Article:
The Seven Deadly Sins of Book Cover Design

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I’m a children’s illustrator, so I’m going to stick to what I know best. Fortunately, a lot of this will apply to book cover design in any genre.

Contrary to what you’ve heard, you absolutely CAN judge a book by its cover. This applies even more to a children’s book. A lack of care for the cover = a lack of care for the contents. Certainly, there are some exceptions; but by and large, this holds true.

Fortunately, there are some very simple things to avoid when you’re designing a book cover.

  1. Tiny Titles

Here’s a simple rule of thumb: make your title bigger. Your cover art should come second to your title. Remember, most people are going to see your title on screen as a thumbnail. Look at your cover at that small size (around 200px in height) and see if you can easily read the title. If not, MAKE YOUR TITLE BIGGER.

The same applies, by the way, to the author’s name.

2. Font Crimes

Do you have more than three fonts on your cover? Are your fonts complex and hard to read (even at full-size)? Have your fonts been stretched or squeezed to fit your cover? You’ve just committed a font crime.

It might be tempting to use a “fun” font, but if it’s not easy to read, it’s useless. Stick with one or two good fonts that compliment each other, and NEVER stretch, squeeze, or otherwise violate your fonts.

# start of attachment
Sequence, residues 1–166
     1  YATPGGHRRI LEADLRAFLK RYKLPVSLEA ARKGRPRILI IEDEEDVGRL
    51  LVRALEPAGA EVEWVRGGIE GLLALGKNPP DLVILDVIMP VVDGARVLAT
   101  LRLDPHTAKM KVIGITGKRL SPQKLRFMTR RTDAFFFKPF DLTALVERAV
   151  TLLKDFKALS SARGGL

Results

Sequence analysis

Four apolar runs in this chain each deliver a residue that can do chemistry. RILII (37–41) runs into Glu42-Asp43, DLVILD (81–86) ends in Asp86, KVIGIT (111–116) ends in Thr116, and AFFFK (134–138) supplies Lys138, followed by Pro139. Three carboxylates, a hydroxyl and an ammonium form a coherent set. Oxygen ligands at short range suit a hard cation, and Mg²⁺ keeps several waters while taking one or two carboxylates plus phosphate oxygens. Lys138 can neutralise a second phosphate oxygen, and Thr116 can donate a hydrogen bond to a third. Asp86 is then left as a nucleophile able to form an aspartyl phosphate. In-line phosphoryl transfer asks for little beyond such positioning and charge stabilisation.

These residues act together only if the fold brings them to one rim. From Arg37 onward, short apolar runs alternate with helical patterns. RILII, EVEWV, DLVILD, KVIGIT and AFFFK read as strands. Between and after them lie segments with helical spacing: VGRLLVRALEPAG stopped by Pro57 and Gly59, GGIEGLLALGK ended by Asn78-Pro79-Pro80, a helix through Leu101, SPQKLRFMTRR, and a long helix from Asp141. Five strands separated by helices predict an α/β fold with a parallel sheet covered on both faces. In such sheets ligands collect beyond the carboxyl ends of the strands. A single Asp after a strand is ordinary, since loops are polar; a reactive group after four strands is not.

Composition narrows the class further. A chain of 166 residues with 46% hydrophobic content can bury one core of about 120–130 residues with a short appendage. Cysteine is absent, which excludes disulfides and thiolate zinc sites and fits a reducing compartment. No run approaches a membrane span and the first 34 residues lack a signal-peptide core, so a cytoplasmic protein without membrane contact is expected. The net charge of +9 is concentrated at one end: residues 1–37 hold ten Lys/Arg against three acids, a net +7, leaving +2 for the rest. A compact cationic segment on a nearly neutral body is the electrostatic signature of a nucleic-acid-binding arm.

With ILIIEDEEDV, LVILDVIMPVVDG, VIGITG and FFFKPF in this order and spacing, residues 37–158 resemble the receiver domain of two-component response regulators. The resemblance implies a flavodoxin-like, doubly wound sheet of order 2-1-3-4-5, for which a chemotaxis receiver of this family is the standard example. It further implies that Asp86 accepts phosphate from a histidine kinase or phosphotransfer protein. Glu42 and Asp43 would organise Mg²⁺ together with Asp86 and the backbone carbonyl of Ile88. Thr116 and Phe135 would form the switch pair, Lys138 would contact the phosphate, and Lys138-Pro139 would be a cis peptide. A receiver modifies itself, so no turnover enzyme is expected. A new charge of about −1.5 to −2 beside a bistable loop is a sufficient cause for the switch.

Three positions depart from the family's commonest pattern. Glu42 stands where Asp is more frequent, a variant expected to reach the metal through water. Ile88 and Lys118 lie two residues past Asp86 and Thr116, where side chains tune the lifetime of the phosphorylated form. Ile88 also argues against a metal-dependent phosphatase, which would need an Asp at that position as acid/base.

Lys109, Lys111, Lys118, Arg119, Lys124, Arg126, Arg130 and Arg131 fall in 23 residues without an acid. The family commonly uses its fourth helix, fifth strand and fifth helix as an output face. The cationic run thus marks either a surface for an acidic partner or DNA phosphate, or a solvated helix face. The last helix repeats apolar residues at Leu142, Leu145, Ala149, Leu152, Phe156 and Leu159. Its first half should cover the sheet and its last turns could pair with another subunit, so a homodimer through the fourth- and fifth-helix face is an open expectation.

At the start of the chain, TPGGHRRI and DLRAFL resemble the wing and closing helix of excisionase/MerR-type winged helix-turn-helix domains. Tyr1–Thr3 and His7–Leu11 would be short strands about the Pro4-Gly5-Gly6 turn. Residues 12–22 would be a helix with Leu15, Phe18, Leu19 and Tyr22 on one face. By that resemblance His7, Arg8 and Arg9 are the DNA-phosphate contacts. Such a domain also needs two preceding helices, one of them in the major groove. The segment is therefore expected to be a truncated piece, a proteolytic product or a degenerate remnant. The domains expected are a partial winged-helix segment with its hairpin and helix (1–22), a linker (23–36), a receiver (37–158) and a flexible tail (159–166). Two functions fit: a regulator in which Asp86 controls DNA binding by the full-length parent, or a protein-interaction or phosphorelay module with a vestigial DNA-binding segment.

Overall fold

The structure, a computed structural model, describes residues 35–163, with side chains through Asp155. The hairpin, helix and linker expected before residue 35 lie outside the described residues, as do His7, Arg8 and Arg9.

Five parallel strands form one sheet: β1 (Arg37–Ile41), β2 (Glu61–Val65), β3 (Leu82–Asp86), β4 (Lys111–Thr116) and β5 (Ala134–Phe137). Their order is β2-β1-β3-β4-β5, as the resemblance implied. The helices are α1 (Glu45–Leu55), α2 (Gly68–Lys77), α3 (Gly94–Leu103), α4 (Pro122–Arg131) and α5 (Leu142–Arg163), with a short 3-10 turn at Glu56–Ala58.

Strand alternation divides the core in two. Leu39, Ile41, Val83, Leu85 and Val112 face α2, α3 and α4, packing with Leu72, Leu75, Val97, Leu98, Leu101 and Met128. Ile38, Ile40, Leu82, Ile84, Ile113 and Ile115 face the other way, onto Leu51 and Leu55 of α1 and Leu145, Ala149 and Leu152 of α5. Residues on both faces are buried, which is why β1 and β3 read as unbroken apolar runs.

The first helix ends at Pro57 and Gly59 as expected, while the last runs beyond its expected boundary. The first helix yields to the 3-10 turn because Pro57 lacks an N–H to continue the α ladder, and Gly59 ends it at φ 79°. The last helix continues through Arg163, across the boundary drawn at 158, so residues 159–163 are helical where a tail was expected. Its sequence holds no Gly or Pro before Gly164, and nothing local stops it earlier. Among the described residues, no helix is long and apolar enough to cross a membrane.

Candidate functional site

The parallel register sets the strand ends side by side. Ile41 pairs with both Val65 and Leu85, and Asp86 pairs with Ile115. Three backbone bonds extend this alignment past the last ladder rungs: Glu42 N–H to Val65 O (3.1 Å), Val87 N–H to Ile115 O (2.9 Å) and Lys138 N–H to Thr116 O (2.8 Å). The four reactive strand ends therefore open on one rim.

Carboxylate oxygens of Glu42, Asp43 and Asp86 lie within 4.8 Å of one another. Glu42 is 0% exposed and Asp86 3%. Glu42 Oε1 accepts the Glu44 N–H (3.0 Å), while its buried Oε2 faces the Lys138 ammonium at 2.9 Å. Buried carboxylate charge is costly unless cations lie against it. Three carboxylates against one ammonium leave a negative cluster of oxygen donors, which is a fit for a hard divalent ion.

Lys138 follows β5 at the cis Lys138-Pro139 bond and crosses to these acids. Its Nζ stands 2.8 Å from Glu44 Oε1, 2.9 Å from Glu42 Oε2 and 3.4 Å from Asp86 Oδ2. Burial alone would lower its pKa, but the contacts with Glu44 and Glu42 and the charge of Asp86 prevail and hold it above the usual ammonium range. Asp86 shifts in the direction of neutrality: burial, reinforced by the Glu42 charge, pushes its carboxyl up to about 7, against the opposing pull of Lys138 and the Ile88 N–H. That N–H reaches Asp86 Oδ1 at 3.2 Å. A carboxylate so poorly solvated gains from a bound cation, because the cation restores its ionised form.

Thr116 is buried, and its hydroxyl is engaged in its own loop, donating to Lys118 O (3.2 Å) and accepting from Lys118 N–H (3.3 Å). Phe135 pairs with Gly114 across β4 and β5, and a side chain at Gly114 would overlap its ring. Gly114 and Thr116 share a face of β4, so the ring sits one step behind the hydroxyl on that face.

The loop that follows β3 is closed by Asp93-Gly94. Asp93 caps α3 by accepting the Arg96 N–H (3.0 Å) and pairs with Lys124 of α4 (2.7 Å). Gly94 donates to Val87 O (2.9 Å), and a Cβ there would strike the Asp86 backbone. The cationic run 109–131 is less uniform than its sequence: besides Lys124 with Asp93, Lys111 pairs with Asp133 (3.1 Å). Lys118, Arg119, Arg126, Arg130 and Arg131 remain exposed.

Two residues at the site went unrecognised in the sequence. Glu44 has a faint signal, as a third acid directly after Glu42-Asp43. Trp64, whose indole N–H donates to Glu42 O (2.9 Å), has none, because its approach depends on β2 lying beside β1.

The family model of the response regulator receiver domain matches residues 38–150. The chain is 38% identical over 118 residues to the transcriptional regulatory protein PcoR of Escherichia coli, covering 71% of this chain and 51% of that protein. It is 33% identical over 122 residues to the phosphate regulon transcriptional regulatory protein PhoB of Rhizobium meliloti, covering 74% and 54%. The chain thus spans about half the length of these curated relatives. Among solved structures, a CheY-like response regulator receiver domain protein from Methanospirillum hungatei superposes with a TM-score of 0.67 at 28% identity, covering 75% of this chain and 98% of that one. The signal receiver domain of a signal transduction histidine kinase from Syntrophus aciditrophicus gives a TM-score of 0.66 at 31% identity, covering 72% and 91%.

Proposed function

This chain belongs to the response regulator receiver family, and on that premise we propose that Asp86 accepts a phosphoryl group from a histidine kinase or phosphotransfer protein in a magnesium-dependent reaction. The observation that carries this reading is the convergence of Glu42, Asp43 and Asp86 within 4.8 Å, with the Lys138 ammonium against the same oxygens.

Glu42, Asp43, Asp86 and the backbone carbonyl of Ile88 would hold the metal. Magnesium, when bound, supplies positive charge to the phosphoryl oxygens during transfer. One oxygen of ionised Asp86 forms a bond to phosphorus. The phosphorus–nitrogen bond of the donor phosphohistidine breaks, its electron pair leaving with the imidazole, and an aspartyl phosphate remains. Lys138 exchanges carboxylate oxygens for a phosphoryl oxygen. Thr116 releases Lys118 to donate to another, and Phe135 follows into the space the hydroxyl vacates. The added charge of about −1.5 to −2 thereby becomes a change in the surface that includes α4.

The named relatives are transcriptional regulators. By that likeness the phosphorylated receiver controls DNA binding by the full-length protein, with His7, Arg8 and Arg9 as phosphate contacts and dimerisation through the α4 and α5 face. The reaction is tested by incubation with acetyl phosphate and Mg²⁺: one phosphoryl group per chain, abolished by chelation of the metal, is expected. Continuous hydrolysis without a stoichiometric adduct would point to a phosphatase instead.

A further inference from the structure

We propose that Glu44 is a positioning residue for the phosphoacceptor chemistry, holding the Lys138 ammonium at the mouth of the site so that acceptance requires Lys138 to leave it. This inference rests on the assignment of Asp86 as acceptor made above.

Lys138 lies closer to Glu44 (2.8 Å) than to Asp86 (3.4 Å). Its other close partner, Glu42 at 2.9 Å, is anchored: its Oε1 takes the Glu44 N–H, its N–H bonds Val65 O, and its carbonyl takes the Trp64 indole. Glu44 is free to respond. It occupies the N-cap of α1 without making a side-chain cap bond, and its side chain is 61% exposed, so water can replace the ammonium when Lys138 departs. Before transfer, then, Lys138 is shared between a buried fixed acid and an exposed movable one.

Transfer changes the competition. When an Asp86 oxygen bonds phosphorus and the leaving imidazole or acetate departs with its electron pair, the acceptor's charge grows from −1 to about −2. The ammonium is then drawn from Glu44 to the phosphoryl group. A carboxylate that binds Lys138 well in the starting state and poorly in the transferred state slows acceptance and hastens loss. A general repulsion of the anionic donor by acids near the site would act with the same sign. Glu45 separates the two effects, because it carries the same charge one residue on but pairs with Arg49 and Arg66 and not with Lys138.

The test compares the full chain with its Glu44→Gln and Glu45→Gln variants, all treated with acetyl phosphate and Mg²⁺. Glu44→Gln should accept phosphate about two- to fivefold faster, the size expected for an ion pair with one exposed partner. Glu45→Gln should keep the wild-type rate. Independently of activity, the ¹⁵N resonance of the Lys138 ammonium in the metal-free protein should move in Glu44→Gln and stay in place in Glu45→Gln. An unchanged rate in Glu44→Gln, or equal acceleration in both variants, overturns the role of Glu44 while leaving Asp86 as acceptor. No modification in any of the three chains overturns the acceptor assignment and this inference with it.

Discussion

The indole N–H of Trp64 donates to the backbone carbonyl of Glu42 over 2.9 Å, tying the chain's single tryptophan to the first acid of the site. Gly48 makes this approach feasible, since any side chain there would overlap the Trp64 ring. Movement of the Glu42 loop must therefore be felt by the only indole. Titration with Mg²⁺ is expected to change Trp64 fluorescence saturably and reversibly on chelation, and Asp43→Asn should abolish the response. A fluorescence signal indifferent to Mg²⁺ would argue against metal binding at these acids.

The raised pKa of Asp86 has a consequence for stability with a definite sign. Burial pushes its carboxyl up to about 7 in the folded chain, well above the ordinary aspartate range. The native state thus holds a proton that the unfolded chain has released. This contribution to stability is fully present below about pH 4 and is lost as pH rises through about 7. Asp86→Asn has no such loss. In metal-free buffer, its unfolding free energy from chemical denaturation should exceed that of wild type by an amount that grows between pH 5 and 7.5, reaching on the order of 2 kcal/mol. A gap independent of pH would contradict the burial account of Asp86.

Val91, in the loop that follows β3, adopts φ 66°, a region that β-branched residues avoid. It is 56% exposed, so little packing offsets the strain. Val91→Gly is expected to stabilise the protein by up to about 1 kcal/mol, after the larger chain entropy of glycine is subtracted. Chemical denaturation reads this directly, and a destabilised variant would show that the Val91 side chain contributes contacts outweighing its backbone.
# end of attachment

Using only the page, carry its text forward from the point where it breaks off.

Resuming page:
3. “Art-in-a-Box”

This is a surprisingly prevalent sin. Perhaps because Amazon makes it so easy to commit this one with their stock cover design. Do not, under any circumstances, put your art in a box. It’s generic, it’s unattractive, and it’s lazy. It’s the easiest way to get your book ignored.

4. Clip Art

Do not EVER use clip art – even if you purchase it. If you found it online (or, God forbid, in Microsoft Word), then others have found it as well. Your book is unique and it deserves custom treatment.

5. Generic Stock Photography

Similar to the previous sin: do not use a generic stock image that you find online. This doesn’t mean you can’t use stock photography at all. Stock has its place, and images can be combined or treated to create an effective, attractive cover. But a generic stock image? That’s a sin.

6. Crowding

You do not need to tell the full story on the cover. The simpler your cover, the more impactful it’s bound to be. Remember the point about the thumbnail? Same applies here. Don’t crowd your cover with endless detail. Less is (almost always) more.

7. DIY Design

If you are not a professional designer, do not design your own book cover. Even if you are a professional designer, you may want to consider this carefully. You might save a few bucks now by trying to DIY, but you’re doing so at the cost of your book’s ultimate success.